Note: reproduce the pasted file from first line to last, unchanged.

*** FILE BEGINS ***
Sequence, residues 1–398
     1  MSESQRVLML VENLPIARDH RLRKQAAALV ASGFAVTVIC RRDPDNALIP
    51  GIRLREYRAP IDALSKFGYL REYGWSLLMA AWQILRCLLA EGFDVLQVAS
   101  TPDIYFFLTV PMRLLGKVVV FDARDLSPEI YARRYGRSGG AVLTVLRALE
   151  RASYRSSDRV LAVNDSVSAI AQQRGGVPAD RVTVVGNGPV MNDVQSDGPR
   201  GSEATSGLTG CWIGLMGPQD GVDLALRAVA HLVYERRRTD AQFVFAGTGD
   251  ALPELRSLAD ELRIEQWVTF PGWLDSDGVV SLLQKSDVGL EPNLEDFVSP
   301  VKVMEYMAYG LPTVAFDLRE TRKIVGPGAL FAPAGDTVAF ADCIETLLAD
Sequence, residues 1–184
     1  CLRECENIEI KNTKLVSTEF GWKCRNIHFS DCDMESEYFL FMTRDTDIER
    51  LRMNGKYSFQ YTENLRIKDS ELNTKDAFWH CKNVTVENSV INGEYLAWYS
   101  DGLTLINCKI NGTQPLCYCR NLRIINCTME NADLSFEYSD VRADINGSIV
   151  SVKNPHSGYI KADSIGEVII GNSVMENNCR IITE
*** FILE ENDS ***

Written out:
Sequence, residues 1–398
     1  MSESQRVLML VENLPIARDH RLRKQAAALV ASGFAVTVIC RRDPDNALIP
    51  GIRLREYRAP IDALSKFGYL REYGWSLLMA AWQILRCLLA EGFDVLQVAS
   101  TPDIYFFLTV PMRLLGKVVV FDARDLSPEI YARRYGRSGG AVLTVLRALE
   151  RASYRSSDRV LAVNDSVSAI AQQRGGVPAD RVTVVGNGPV MNDVQSDGPR
   201  GSEATSGLTG CWIGLMGPQD GVDLALRAVA HLVYERRRTD AQFVFAGTGD
   251  ALPELRSLAD ELRIEQWVTF PGWLDSDGVV SLLQKSDVGL EPNLEDFVSP
   301  VKVMEYMAYG LPTVAFDLRE TRKIVGPGAL FAPAGDTVAF ADCIETLLAD
Sequence, residues 1–184
     1  CLRECENIEI KNTKLVSTEF GWKCRNIHFS DCDMESEYFL FMTRDTDIER
    51  LRMNGKYSFQ YTENLRIKDS ELNTKDAFWH CKNVTVENSV INGEYLAWYS
   101  DGLTLINCKI NGTQPLCYCR NLRIINCTME NADLSFEYSD VRADINGSIV
   151  SVKNPHSGYI KADSIGEVII GNSVMENNCR IITE